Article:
Just watched: Joe Strummer & The Mescaleros – Live in NYC..

Evening folks, I watched this great little performance earlier. And White Riot is still ringing around my ears, I always find that to be the case when I listen to it actually. Anyway, it’s a TV broadcast from the Roseland Ballroom in New York City, that took place sometime in 1999. No doubt in support of the Mescaleros debut album. It’s not the full concert, rather an edited down version (and thrown in for good measure are sporadic, short interview clips with Joe himself). Out of the nine songs here, six are Clash songs, the other three being Mescaleros songs. I always love seeing older Joe perform – it’s amazing that he still attacked those Clash classics with the sort of kinetic energy usually found in men twenty years younger than him. I can only imagine what a thrill it would have been to see Joe Strummer & The Mescaleros perform in person. Anyhow, this is another excellent performance, as most of Joe’s performances typically were. I’ve got to say that so far this has been one of my absolute favourite versions of White Riot that I’ve heard, from either The Clash or the Mescalero. The performance has also given me a new found appreciation for X Ray Style too. I’ve always liked that song but it wouldn’t be one of my favourites on Rock Art & The X Ray Style but that looks set to change. And I found it very interesting to see Joe’s crowd interaction here – especially as he deals with ones causing some upset. I’ll not spoil it further but if I thought I couldn’t love the man more this video just disproves that. A man of the people he was indeed. It makes me sad he’s no longer here although quite honestly I feel grateful that there was once a man that walked the earth like Joe Strummer. Just a shame I became a fan ten years too late. I’ll spare you the rather sombre reflections though, enjoy this performance!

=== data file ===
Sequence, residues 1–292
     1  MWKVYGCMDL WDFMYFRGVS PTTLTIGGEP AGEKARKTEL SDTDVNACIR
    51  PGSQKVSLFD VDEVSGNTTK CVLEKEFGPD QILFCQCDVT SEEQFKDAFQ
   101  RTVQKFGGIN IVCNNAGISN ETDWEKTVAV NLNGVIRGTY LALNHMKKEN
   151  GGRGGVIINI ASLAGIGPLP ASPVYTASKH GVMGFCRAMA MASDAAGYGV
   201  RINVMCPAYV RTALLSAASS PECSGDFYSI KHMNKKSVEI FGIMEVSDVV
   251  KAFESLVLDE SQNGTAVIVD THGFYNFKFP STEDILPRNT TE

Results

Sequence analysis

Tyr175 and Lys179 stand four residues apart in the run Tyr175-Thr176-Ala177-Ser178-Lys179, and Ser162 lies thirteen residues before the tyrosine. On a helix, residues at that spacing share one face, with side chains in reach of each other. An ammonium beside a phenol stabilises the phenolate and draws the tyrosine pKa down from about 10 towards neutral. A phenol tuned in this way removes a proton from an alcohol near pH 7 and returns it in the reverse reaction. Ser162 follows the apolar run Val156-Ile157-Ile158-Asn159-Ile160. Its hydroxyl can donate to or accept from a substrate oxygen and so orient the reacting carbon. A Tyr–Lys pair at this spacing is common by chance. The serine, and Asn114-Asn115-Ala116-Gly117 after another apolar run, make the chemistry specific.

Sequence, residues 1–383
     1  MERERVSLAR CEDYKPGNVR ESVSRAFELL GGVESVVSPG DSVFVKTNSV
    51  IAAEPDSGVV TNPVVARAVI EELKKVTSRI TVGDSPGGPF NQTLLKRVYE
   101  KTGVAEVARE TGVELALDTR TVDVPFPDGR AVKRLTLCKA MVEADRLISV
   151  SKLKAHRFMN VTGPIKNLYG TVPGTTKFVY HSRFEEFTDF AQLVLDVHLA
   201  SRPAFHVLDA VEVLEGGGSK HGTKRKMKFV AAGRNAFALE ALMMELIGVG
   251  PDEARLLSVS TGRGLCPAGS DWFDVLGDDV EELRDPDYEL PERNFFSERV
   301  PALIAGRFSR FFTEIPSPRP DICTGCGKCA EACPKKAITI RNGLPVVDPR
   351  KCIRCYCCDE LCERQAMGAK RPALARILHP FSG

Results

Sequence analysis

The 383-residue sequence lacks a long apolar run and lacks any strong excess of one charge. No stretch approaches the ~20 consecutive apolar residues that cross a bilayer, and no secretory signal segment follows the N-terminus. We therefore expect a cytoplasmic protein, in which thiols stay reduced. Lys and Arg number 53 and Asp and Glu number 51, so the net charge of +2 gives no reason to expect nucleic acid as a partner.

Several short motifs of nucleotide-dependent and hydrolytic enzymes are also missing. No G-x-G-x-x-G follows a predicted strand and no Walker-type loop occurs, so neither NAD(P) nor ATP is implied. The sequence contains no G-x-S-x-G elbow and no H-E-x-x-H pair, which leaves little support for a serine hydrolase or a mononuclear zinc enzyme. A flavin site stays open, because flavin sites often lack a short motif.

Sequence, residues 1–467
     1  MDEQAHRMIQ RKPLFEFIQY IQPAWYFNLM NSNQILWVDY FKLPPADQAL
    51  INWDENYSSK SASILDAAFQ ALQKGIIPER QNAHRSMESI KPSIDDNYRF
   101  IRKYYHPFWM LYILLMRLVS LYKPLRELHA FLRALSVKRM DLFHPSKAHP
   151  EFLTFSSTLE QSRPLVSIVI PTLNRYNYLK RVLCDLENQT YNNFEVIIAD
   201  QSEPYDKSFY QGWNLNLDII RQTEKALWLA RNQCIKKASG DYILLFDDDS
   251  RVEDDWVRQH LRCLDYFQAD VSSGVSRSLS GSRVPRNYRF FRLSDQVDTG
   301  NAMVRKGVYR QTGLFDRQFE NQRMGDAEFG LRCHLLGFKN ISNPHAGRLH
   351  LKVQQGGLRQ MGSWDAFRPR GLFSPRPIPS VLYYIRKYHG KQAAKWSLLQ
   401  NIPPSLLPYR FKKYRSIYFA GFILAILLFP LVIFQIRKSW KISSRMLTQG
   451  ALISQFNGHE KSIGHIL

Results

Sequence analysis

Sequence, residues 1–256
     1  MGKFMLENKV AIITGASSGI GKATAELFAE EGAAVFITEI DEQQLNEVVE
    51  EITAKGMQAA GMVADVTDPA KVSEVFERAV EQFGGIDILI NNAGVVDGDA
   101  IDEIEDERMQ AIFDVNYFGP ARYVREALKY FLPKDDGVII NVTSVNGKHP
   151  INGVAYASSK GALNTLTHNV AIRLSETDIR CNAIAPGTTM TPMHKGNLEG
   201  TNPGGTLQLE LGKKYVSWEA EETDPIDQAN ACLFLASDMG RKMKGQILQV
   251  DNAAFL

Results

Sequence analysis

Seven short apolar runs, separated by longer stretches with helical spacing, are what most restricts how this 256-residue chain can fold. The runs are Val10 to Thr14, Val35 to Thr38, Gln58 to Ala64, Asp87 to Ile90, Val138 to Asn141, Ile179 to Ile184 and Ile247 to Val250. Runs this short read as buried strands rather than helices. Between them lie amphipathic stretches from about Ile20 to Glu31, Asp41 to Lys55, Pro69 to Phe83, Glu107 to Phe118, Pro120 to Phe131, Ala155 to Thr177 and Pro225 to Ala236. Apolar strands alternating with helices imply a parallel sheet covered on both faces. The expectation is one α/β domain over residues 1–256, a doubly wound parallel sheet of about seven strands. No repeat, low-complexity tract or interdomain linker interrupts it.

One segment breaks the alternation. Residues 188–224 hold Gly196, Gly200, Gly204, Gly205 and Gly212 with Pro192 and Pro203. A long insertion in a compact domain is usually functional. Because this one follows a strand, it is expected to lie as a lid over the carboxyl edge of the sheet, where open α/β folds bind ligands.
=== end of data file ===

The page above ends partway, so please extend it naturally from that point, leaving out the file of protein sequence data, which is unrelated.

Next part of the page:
Strummerville documentary

So, I just finished watching this documentary. No prizes for guessing what it was about: the work concerning the Strummerville charity, which was set up to carry on the legacy of a certain Joe Strummer. It was made by Don Letts and I have to say I really enjoyed it! It was very interesting seeing the various projects undertaken by the charity. It feels like the perfect organization to carry on Joe’s message and I think he would have approved. One thing I found particularly interesting was the Jail Guitar Doors project initiated by Billy Bragg which aims to supply guitars to inmates serving time as means of rehabilitation. I was also really pleased to hear Belfast being name-checked: as I’ve mentioned previously on this blog there are two Strummerville rehearsal spaces in the Oh Yeah centre which is located in the city centre. I came away from the documentary feeling inspired actually – once again the cogs are ticking away in my brain trying to figure out what I can do to help make Belfast (and Northern Ireland) a better place for all. Somehow, I think that was exactly the intention of the documentary. It was on Sky Arts a few days ago, if it crops up again I’d heartily recommend it!

Collection: The Clash